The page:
Broad Indiana Abortion Ban Overshadows Another Pro-Family Law Passed the Same Day
Known as SB2, the legislation provides for a tax exemption for an adopted child, cuts the state’s tax on children’s diapers, caps the gas tax, and increases the adoption tax credit.
The same day last week that Indiana adopted an abortion ban with limited exceptions, Gov. Eric Holcomb signed into law another measure the state’s Catholic conference says has the potential to help families.
Known as SB2, the legislation, which received broad bipartisan support, provides for a tax exemption for an adopted child, cuts the state’s tax on children’s diapers, caps the gas tax, and increases the adoption tax credit, the Indy Star reported.
It also creates a $45 million fund for a variety of family-related programs and initiatives, the Criterion, the newspaper of the Indianapolis Archdiocese, reported.
“The Catholic Church has a history of providing aid, comfort, and support for mothers and families,” said Angela Espada, executive director of the Indiana Catholic Conference, the Criterion reported.
“It hopes that the allotted $45 million will improve the lives of Hoosiers by supporting adoption, pregnancy planning, the health of pregnant women, postpartum mothers, and infants, along with supporting the needs of families with children less than 4 years old,” she said. “Additionally, there are funds to address the barriers to long-acting reversible contraception.”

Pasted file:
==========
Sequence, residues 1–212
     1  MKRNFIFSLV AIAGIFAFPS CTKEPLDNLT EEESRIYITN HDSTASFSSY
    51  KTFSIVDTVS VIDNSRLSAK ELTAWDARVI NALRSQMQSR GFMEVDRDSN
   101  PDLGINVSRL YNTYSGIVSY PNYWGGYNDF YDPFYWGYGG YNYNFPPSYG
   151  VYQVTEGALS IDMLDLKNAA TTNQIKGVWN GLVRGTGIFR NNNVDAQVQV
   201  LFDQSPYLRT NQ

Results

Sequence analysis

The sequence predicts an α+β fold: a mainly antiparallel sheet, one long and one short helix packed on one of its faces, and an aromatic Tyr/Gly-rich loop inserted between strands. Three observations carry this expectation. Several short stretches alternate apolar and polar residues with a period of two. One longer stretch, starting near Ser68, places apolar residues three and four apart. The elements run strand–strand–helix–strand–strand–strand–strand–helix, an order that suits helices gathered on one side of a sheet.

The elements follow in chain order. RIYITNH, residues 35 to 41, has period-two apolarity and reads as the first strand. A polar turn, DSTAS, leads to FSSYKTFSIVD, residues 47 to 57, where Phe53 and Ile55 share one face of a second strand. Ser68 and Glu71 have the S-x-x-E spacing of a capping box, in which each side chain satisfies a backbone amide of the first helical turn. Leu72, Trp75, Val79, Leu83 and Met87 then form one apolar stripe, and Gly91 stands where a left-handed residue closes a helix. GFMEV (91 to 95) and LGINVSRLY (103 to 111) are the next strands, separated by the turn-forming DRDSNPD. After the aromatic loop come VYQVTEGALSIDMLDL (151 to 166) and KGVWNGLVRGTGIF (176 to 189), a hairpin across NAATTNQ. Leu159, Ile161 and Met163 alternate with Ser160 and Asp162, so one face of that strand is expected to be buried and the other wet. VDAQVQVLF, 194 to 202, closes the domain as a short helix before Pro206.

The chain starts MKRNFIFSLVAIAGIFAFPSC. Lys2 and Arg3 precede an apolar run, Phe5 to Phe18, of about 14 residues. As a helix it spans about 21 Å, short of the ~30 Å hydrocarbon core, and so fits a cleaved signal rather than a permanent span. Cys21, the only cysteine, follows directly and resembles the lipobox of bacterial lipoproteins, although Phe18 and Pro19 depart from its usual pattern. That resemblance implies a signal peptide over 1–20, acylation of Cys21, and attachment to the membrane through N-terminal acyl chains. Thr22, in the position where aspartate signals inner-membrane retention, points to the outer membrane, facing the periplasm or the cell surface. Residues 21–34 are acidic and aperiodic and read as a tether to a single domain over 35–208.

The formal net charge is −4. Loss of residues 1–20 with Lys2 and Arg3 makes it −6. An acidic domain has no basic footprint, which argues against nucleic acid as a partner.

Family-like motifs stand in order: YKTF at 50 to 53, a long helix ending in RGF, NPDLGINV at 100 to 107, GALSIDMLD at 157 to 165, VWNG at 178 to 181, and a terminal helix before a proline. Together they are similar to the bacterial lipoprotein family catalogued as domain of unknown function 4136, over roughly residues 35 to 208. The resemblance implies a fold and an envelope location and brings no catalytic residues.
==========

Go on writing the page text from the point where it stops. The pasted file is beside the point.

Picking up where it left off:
The legislation was overshadowed by the sweeping abortion ban Holcomb signed into law the same day, Aug. 5.
The law represents the first state abortion ban passed in the U.S. following the June 24 U.S. Supreme Court decision that overturned Roe v. Wade, giving states the authority to regulate abortion.
Set to take effect Sept. 15, Indiana’s law outlaws all abortions with exceptions for abortions performed to preserve the life of the mother, as well as exceptions for instances of rape, incest, or “fatal” fetal anomaly.
The law stipulates that doctors must certify in writing to the hospital or center in which the abortion is to be performed that the abortion is necessary, under their reasonable medical judgment, to preserve the mother’s life or health, or that the unborn baby will not survive because of an anomaly.
The Indiana Catholic Conference wrote ahead of the final vote that it supports the measure, while also highlighting the bill’s flaws.
“Most importantly, the bill needs stronger enforcement mechanisms and a continued tightening of the language around exceptions,” the Indiana Catholic Conference wrote July 27. On that point, the conference has noted that while direct attacks on unborn human life ought to be prohibited, that need not preclude medical interventions that indirectly result in a loss of unborn life when the intention is to save the life of the mother.
Any abortion law should, however, convey the equal dignity of the mother and child, the conference said.
Alexander Mingus, associate director of the Indiana Catholic Conference, said the conference supports the bill under the teachings of St. John Paul II’s 1995 encyclical Evangelium Vitae, which urged support for laws that would limit the harm done by intrinsic moral evils such as abortion if a complete ban is not politically possible.
The new Indiana law came just days after voters in Kansas failed to approve a constitutional amendment that would have allowed the state’s legislature to pass new abortion restrictions. A 2019 Kansas State Supreme Court ruling found that the state’s constitution supports a right to abortion, preventing lawmakers from passing new restrictions on abortion beyond the current 22-week limit.
- indiana abortion law